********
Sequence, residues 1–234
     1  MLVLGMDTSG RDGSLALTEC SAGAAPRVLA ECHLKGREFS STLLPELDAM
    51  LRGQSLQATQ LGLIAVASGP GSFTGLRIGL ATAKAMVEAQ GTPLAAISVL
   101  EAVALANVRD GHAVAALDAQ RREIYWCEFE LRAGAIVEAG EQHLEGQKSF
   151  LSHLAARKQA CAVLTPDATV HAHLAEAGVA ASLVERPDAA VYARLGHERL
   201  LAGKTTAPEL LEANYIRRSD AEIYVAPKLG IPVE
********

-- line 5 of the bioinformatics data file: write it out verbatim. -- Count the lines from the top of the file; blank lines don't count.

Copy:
   151  LSHLAARKQA CAVLTPDATV HAHLAEAGVA ASLVERPDAA VYARLGHERL